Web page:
Despite my unwavering respect for bone because of its durability and hardness, I must admit that teeth are equally durable and even harder. The tooth’s enamel is the hardest substance in the body and consists almost entirely of the same calcium crystal that constitutes bone. Enamel, however, has none of the collagen meshwork that give bones a bit of resiliency when suddenly stressed, so teeth are far more brittle.

Bones come in vastly more shapes and sizes than teeth and have the same collagen/calcium composition through and through. By contrast, teeth have multiple layers of differing compositions and attributes.  Supporting the crown and extending to the tips of the roots, the dentin is softer and more porous than the enamel. Dentin surrounds the pulp, where a tooth’s blood vessels and nerves reside and where endodontists make their living performing root canals. Covering the dentin below the gum line is a thin layer of cementum, which is softer than both enamel and dentin. Its principal function is to support what dentists blithely call the PDL—periodontal ligament. I object to this name, because bone lovers know that ligaments span from bone to bone across joints, stabilize them, allow motion in some directions, and prevent motion in others. When I posed this flagrant misuse of the term ligament to my dentist, he lamely responded that the PDL spans from bone to tooth and stabilizes the roots in their sockets. For the most part, however, motion between tooth and bone is undesirable, so I think the PDL, which is about as thick as several sheets of paper, should be called the periodontal membrane or covering. Yet my opinion is apparently not shared with those who love teeth more than bones. (In the US alone, dentists outnumber me nearly 200,000 to one.)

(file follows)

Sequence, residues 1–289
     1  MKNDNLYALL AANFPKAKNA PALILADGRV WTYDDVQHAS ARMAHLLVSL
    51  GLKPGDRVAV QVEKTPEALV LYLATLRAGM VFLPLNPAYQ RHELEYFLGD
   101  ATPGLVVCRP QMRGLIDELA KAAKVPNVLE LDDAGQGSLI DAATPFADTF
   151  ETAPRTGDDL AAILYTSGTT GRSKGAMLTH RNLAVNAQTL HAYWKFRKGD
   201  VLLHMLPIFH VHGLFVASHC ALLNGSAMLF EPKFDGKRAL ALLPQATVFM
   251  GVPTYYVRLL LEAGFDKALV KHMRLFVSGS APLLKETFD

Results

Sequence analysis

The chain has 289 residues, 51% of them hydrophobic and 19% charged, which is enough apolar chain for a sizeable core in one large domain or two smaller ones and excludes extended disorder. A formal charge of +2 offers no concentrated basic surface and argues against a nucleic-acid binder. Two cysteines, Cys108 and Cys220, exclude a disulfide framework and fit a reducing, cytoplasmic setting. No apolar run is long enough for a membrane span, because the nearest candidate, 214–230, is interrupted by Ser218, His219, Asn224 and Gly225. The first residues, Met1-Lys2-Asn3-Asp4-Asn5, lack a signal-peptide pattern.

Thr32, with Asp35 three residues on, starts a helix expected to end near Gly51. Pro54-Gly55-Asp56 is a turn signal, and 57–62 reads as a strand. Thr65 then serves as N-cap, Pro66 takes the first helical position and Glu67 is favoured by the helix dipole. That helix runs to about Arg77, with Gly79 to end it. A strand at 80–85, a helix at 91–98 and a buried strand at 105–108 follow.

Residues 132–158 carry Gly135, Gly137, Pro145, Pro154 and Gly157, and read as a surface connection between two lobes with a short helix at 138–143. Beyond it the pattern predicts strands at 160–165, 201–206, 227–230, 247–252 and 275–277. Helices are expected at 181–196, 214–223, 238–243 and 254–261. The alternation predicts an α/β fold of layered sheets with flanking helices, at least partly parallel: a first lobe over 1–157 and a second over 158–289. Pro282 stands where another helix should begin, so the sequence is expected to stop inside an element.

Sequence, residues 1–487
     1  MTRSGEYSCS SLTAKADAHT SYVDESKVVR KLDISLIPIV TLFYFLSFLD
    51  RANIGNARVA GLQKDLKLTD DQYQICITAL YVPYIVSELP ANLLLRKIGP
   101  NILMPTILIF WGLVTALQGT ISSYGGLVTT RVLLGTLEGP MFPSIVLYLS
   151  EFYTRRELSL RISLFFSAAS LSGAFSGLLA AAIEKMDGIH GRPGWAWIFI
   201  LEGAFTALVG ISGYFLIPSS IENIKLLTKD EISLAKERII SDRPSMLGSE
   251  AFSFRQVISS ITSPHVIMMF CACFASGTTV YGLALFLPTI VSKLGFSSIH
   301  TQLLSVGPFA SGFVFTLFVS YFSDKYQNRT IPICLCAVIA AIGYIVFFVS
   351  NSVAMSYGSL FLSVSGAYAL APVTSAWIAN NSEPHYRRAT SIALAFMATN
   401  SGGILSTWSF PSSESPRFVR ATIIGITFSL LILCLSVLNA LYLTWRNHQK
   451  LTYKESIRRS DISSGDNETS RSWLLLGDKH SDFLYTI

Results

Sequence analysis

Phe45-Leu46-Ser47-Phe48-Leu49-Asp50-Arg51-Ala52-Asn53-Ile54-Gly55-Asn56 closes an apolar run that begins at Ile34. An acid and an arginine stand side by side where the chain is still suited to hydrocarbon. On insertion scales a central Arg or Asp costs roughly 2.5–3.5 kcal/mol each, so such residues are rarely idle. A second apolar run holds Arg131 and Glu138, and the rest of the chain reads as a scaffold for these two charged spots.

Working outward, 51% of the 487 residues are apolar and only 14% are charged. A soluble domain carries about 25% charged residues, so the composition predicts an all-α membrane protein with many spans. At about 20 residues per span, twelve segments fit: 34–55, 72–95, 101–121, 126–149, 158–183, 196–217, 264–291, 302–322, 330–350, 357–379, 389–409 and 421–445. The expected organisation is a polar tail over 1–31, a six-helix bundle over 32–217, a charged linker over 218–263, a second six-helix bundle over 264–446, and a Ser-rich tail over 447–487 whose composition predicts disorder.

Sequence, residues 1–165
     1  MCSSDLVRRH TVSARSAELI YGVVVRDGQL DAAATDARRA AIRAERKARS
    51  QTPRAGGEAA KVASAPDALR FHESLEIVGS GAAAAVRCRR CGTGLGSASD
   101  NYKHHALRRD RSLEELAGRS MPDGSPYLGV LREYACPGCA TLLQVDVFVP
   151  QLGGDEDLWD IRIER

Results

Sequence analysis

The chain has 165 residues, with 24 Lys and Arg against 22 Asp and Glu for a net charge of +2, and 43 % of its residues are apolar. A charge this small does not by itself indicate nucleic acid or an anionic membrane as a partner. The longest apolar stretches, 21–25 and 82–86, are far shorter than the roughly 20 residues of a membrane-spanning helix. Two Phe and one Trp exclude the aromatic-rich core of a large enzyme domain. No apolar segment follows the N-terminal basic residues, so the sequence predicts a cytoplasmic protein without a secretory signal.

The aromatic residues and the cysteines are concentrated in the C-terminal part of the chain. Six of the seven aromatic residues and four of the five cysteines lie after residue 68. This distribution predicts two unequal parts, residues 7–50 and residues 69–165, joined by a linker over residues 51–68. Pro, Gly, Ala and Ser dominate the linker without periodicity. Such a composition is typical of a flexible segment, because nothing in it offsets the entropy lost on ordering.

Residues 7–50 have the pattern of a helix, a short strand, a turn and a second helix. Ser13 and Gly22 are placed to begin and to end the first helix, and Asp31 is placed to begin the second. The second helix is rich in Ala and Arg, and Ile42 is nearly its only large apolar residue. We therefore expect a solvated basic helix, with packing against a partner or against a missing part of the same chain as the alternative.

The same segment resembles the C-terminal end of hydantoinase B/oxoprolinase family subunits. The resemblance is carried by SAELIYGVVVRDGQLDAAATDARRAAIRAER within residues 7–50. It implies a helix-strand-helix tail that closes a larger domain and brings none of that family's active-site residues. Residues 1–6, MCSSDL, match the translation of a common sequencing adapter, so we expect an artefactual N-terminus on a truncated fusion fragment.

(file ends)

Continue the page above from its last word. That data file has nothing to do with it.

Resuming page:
Regardless of what it is called, the PDL is responsible for this essay’s title, because if teeth and bones become engaged in a shoving match, teeth win. This is because pressure on a tooth causes specialized bone-dissolving cells in the areas where the PDL is being compressed to remove bone and let the tooth move along. In its wake, specialized bone-forming cells fill the void. Voila, orthodontics is born.  

Humans have been relying on the PDL to perform this bone-defying feat as far back as ancient Egypt, where mummies have been discovered with metal bands wrapped around their teeth. Archaeologists surmise that long-gone fibrous strands tied the bands together to create tooth movement and beautiful toothy grins. Primitive orthodontic appliances also appear among ancient Greek and Roman artefacts.

A major advance came in the 18th century, when Pierre Fauchard, known as the Father of Modern Orthodontia, began wiring arched metal strips to the teeth to get them moving. To achieve an even greater mechanical advantage, an 1822 invention enhanced the shoving match with external headgear, although it probably did not enhance the user’s social standing while movement was underway. An 1840 book, The Dental Art, described soldering knobs on the metal arches to which rubber bands could be attached and that greatly reduced the need for external headgear. Now, many orthodontic appliances are nearly invisible.

In addition, tooth movement can be accelerated by drilling small holes into the bone surrounding the target teeth. This weakens the bone and stimulates activity in the bone-dissolving cells. Enterprising orthodontists have also capitalized on bone’s accommodating nature to improve the bite efficiency and smile (or snarl?) of man’s best friends.

I suppose some dentists dream of taking on greater challenges in the animal realm, but I just hope they appreciate that any change stems from bone’s calm, controlled response to stress. It just moves away from those tooth-root bullies.


Should you need another conversation starter, try this. Growing evidence supports the theory that teeth developed from scales on the outside our finny ancestors’ bodies and gradually migrated inside while morphing into enamel, dentin, cementum, and the PD … layer.


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